• 67% of Slack users feel they have the right leadership vs. 55% with Microsoft Teams and 54% with email

A majority of Slack users directly attribute their use of Slack to feeling more supported by their company, satisfied with their autonomy and being recognized for their accomplishments. On the flip side, email users are three times more likely to be dissatisfied with their roles than Slack users. Compared to Microsoft Teams users, Slack users are more likely to feel that Slack directly helps them achieve work-life balance, and has a positive impact on both their purpose at work and recognition from peers.

What’s next

Today’s workers are engaging differently depending on the tools their company provides, giving leadership an opportunity to more effectively position their teams for both happiness and success.

Since Slack users easily and efficiently engage with the product itself, they can leverage its capabilities to tackle a larger variety of jobs than with Microsoft Teams or email. The tool empowers employees to work their way, successfully tackle each day’s challenges and make fast strategic decisions. This means they’re more likely to have job satisfaction and enjoy an improved quality of work life with Slack. The more engaged the employee, the happier they are—and the better work they produce.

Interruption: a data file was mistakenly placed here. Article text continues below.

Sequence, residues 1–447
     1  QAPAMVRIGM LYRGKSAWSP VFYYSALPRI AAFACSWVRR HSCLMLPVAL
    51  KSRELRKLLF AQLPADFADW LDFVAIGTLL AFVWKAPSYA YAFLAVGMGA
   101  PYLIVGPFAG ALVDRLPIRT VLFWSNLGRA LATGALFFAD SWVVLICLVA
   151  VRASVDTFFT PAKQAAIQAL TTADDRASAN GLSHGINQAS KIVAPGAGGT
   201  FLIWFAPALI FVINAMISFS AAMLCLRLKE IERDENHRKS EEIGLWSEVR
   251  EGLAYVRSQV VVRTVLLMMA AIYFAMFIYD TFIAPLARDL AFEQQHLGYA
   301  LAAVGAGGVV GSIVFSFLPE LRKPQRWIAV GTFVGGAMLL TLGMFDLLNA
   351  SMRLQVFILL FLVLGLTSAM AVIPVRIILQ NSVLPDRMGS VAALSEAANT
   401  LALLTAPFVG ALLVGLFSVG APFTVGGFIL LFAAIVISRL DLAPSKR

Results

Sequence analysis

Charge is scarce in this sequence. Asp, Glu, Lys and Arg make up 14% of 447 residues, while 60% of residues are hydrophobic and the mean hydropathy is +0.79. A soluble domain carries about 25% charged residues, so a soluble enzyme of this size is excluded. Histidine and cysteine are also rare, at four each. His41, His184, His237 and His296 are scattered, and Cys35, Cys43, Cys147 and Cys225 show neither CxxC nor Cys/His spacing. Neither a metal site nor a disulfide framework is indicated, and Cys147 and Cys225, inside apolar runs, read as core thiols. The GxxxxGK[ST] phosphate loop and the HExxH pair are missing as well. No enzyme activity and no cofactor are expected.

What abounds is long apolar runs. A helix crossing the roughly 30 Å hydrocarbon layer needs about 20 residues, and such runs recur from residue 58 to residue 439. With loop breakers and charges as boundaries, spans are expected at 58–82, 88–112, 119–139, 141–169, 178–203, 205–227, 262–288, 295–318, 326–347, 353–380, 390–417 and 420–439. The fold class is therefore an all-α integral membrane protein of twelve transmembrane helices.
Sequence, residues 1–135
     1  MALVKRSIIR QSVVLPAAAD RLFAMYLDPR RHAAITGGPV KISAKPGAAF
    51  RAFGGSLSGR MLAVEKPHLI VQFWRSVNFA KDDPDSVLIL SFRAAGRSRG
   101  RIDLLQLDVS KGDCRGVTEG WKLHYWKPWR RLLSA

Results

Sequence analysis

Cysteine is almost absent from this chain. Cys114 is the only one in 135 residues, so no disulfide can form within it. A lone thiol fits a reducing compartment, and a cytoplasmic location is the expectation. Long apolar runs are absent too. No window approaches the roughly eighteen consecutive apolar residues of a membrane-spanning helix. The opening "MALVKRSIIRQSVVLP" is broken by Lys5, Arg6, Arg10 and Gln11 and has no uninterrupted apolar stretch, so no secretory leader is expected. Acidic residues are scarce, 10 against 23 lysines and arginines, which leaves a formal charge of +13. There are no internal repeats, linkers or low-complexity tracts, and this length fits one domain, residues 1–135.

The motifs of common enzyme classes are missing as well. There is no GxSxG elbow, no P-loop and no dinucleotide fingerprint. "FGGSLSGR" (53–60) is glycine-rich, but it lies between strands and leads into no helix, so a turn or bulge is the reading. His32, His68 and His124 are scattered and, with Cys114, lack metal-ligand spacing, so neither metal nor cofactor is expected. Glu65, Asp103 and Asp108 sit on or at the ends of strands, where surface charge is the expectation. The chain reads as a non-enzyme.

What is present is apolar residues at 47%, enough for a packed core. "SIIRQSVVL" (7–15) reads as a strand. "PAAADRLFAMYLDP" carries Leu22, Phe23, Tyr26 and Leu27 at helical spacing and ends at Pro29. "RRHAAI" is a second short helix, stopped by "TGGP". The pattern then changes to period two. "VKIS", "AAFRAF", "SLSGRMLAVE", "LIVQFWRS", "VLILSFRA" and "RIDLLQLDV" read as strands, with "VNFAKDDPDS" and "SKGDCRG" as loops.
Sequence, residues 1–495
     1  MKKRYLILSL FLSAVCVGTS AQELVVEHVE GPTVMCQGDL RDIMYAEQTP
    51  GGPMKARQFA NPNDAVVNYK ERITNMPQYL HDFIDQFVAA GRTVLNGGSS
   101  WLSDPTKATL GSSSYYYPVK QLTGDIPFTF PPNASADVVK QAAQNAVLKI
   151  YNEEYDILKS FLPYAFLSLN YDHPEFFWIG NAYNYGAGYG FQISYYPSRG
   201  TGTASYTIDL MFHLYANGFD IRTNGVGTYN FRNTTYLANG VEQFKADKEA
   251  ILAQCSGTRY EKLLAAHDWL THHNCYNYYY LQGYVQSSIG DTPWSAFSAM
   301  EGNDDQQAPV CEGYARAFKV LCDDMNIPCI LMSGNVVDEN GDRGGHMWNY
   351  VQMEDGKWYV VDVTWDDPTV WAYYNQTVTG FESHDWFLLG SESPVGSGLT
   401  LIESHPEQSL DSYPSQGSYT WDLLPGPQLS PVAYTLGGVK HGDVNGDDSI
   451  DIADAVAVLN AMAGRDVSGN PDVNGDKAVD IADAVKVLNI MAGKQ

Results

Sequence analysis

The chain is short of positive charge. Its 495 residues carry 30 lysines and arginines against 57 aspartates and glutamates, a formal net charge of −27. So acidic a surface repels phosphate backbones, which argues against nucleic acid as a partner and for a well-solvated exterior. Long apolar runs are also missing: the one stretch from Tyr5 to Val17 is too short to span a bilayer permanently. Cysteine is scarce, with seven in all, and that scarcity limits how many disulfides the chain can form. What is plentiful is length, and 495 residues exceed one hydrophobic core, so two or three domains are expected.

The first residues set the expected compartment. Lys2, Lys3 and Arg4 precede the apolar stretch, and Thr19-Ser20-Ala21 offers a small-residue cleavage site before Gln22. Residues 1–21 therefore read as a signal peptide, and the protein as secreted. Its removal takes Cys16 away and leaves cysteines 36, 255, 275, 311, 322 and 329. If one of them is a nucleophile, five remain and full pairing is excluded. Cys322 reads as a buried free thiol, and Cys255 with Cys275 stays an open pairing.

The Reframing Engagement Report was conducted by Quadrant Strategies among 1,800 knowledge workers ages 18-64 in the U.S. It included an oversample of 600 Slack users, 600 Microsoft Teams users and 600 email users. Results of any sample are subject to sampling variation, which in this study is +/- 3%. For more information about this study, please reach out to